A union member’s statutory right to “inspect” collective bargaining agreements negotiated by her union with employers other than her own did not encompass a right to take notes while doing so, ruled the First Circuit. The appeals court first took the standard definition of “to inspect” as the statutory meaning. Thus, to “inspect” did not mean to take notes. That conclusion was buttressed by two features of the LMRDA itself. First, the legislative history of a neighboring provision made clear that Congress did not intend the term to include the right to take notes. Secondly, Congress gave employees whose rights were directly affected by a CBA the right to a copy of that CBA. Accordingly, Congress did not invest the member with a right to take notes of other CBAs (Acosta v. Local Union 26, UNITE HERE, July 11, 2018, Souter, D.).
Opportunity to inspect. Local Union 26, UNITE HERE has negotiated more than 40 collective bargaining agreements with various employers, including the member’s employer. The member was dissatisfied with the union’s administration, and asked it to permit her to review 37 CBAs negotiated with employers other than her own. Once the Secretary of Labor got involved, the union offered the member opportunities for that purpose, but said it would not allow her to take notes on the CBA during her inspections.
When the Secretary learned of the union’s position, he filed this action claiming that the union violated § 104 of the Labor-Management Reporting and Disclosure Act (LMRDA) when it refused to allow the member to take notes while inspecting its CBAs with other employers. The parties filed dueling motions for judgment on the pleadings, and the district court held that the member’s statutory right to “inspect” the agreements did not encompass a right to take notes while doing so.
Definition of inspection. The First Circuit observed that the standard definition and common understanding of “inspection” was the “act or process of inspecting,” and to “inspect” does not mean to take notes. Moreover, it concluded that taking the plain meaning of to “inspect” as the statutory meaning was buttressed by two features of the LMRDA that convinced the court that Congress did not intend the relevant clause to give union members a right to take notes while inspecting other employers’ CBAs.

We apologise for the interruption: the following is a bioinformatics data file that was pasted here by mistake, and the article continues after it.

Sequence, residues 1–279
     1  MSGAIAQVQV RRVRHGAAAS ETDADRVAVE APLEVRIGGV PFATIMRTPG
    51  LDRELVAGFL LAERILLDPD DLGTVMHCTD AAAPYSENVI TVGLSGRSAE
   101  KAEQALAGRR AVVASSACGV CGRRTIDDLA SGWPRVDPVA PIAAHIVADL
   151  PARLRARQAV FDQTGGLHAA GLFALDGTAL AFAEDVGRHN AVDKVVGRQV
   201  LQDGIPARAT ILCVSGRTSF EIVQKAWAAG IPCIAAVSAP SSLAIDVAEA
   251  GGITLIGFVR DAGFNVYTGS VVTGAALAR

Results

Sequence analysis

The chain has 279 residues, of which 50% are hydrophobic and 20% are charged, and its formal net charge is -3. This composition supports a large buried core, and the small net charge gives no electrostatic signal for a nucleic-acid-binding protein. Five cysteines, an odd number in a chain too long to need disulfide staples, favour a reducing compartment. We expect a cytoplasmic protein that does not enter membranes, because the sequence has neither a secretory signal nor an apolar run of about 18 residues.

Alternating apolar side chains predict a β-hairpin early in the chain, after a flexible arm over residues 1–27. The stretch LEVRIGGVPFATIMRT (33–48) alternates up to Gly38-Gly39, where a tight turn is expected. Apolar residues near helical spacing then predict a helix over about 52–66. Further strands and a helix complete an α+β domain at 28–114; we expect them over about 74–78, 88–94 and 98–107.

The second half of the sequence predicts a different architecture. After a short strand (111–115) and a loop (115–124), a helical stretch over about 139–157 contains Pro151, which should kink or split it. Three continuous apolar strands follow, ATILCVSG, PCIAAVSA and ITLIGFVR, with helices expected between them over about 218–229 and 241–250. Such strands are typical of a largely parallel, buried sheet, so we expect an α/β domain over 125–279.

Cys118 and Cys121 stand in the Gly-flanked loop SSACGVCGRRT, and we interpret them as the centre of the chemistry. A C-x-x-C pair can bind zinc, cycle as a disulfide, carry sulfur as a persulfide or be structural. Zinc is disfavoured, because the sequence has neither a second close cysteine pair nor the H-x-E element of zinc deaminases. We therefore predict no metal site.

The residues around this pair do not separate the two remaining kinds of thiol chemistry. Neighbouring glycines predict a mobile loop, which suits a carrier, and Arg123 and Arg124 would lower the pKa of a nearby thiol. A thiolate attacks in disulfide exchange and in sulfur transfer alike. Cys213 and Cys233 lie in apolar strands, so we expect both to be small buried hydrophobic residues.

First, the court noted that the LMRDA used the term “inspect” elsewhere, and the legislative history of that neighboring provision, Section 401(c), makes clear that Congress did not intend the term to include the right to take notes. Earlier drafts of that provision had included the right to “inspect and copy.” But Congress dropped the words “and copy” from the final version of the LMRDA. Under Section 401(c), Congress plainly did not intend the right to “inspect” to include the right to copy.
The second feature of the statute persuading the court was the fact that when Congress wished to provide individuals with a right to a “copy” of a CBA, it said so expressly. Specifically, Section 104 entitles any employee whose rights are directly affected by a CBA to a copy of that CBA. Thus, if Congress had intended to entitle union members to copies of every CBA a union negotiated, it needed only to say so. Accordingly, the appeals court held that in conferring a right of union members to “inspect” CBAs under Section 104, Congress did not also invest the members with a right to take notes.
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